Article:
We greatfully ackknowledge that research for this projrect was supported by N.E.H. fellowship and by grant from the American Philosophical Society. All Transletions are our own, unless otherwise noted.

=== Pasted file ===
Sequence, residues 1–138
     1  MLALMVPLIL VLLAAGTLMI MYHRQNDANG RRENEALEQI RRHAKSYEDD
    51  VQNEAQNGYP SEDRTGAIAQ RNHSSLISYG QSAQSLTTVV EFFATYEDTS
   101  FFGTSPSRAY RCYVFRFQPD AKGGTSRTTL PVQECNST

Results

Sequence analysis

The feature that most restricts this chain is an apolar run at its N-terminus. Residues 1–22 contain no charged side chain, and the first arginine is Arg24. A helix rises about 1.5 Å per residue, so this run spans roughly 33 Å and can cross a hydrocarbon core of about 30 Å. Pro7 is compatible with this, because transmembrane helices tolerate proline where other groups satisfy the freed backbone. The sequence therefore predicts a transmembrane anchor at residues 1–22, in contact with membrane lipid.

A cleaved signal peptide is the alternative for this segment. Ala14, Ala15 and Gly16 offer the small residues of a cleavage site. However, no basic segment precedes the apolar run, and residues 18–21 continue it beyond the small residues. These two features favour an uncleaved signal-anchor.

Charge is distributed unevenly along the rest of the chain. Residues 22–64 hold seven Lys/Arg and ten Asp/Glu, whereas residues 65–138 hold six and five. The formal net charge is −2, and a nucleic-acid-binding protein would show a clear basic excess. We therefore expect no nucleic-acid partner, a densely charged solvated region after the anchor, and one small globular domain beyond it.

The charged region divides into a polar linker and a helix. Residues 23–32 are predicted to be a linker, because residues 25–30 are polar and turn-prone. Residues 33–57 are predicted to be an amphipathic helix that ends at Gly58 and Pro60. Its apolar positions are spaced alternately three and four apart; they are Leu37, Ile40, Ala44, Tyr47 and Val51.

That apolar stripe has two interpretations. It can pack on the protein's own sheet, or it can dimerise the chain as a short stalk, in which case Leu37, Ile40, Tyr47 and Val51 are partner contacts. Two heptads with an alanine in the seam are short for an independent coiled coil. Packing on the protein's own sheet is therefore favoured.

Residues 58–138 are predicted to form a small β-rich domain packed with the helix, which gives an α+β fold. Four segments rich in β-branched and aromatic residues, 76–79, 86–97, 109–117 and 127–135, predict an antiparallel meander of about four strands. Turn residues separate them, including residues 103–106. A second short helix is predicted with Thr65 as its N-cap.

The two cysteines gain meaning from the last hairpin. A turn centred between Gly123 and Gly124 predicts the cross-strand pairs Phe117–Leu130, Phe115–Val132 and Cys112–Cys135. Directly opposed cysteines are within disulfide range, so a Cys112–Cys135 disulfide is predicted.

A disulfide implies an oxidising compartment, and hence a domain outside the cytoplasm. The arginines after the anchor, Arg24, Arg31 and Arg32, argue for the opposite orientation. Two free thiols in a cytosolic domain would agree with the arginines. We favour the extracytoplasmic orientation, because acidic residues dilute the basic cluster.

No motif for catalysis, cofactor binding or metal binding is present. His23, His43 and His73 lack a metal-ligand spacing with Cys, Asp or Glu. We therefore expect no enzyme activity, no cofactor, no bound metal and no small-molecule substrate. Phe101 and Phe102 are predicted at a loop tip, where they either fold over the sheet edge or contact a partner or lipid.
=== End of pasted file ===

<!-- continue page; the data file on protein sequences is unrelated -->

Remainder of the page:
My purpose in this paper is to argue that the classical notion of entailment is not suitable for non-bivalent logics, to propose an appropriate alternative and to suggest a generalized entailment notion suitable to bivalent and non-bivalent logics alike. In classical two valued logic, one can not infer a false statement from one that is not false, any more than one can infer from a true statement a statement that is not true. In classical logic in fact preserving truth and (...) preserving non-falsity are one and the same thing. They are not the same in non-bivalent logics however and I will argue that the classical notion of entailment that preserves only truth is not strong enough for such a logic. I will show that if we retain the classical notion of entailment in a logic that has three values, true, false and a third value in between, an inconsistency can be derived that can be resolved only by measures that seriously disable the logic. I will show this for a logic designed to allow for semantic presuppositions, then I will show that we get the same result in any three valued logic with the same value ordering. I will finally suggest how the notion of entailment should be generalized so that this problem may be avoided. The strengthened notion of entailment I am proposing is a conservative extension of the classical notion that preserves not only truth but the order of all values in a logic, so that the value of an entailed statement must alway be at least as great as the value of the sequence of statements entailing it. A notion of entailment this strong or stronger will, I believe, be found to be applicable to non-classical logics generally. In the opinion of Dana Scott, no really workable three valued logic has yet been developed. It is hard to disagree with this. A workable three valued logic however could perhaps be developed however, if we had a notion of entailment suitable to non-bivalent logics. (shrink)